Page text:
LA Stories

Everyone once in a great while the planets and star align and some really cool and somewhat unexpected things happen.

Every April I find myself in southern California covering the Long Beach Grand Prix.  This year was no exception.  The LBGP is the longest running street circuit in North America.  It has seen everything from Formula 5000, Formula 1, CART, IndyCar, IMSA sportscars, and drifting competition.  This event is the foundation of the rebirth of downtown Long Beach - it has made serious economic impact on this city over the past 40 years.

I made the trip to the left coast a couple of day early this year,  as I was invited to attend two events which I had made minor photographic contributions to.

The second of these events was the world premiere of the new documentary WINNING The Racing Life of Paul Newman.  The film is the love child of comedian, actor and radio personality Adam Carolla.  He can add the title of movie director and producer to his resume.  Carolla owns a lot of Newman's old race cars and was the driving force to making sure this film was made.  He did a great job digging up old footage of PLN's racing career and adding in-depth interviews by Bob Sharp (Newman's team owner in the early days), Mario Andretti, and a various Hollywood actors.

I was contacted last fall by one of the producers when he came across one of my photographs of Newman.  I did not photograph him very often - he was a private man and had very little tolerance for photographers unless they had a real reason to photograph him.  I did shoot for one of the teams that he drove for during the 24 Hours of Daytona, and the last time I worked with him was a story for Car and Driver magazine about the catering team for his IndyCar operation.  In those instances he was a pleasure to be around.  Most of the other times I had no interest in him, nor he in me.   I have two images in the film, one that appears early in the film and one of the last still shots toward the end.  I was glad I could contribute.  And pleased I was in LA and able to accept the invite to the premiere from the good folks at Nissan North America.  Nissan was one of the sponsors of the opening and only fitting considering Newman was arguably the most famous driver ever to race one of their cars - which he did for the majority of his racing career.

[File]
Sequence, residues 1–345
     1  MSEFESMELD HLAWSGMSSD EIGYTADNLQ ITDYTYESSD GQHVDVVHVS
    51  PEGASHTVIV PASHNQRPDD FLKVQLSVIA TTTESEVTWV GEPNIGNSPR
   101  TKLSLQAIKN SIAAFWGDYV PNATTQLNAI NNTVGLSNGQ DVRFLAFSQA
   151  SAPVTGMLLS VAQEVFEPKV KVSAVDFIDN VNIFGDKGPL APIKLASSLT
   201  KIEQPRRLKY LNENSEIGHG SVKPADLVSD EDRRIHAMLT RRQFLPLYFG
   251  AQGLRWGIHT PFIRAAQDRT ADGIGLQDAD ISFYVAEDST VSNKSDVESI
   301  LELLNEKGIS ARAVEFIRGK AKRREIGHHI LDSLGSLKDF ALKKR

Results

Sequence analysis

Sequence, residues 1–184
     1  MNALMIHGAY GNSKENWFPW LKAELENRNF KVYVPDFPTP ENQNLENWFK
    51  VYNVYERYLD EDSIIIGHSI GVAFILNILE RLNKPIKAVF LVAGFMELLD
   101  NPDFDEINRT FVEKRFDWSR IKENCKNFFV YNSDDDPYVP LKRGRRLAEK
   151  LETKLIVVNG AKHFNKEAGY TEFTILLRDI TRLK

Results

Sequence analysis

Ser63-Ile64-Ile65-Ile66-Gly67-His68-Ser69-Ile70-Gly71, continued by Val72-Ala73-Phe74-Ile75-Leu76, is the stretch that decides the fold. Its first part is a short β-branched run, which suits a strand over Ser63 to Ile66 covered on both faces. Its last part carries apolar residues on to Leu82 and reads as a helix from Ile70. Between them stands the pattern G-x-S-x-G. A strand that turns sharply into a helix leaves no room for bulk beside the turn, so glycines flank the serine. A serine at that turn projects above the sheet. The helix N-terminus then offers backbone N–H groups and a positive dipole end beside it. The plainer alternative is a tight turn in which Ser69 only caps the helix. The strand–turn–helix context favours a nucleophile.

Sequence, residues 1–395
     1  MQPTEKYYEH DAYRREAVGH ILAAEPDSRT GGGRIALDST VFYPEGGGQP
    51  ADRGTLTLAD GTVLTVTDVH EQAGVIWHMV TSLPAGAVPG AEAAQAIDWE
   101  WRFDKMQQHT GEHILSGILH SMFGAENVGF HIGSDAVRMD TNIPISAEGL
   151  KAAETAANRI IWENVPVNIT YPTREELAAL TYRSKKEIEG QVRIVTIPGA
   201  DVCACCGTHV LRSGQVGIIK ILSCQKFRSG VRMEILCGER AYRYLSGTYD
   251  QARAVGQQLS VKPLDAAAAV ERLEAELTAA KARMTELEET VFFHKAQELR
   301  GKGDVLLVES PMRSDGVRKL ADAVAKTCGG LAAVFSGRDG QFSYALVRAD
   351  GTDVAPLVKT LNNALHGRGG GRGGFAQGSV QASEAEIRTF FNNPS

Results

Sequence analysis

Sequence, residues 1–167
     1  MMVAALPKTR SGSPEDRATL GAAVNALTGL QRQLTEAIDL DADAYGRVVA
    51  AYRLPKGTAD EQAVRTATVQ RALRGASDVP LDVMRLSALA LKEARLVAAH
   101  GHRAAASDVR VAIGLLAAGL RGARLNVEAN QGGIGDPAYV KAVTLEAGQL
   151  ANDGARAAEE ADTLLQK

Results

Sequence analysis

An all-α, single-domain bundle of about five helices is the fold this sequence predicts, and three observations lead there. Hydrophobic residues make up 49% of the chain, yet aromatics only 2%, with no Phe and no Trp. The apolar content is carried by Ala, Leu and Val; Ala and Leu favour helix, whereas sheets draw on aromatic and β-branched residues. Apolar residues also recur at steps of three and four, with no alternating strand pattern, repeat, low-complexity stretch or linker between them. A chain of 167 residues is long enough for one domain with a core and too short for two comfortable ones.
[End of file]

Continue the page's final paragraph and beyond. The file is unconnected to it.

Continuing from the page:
The first event of the trip, and the real highlight of the trip, occurred the previous evening in Beverly Hills.. 2 weeks ago I received a phone call from Doug Fehan, the Program Manager for Corvette Racing, asking if I could quickly get my hands of the Le Mans 24 podium shot of the Corvette team I took several years ago.  I said I could, and Doug put me in contact with Bruce Meyer.

Bruce Meyer and I have crossed paths a couple of times many many years ago through our mutual friend David Seibert.  Bruce is a car enthusiast without equal.  He was the founding chairman of the Peterson Automotive Museum. A man of great taste, and great humility,  and a friend of everyone in the world of cars and racing.  He had recently purchased the last Corvette GT1 car to with the Le Mans 24 Hour race.  He saw my podium shot and wanted to use it in his garage.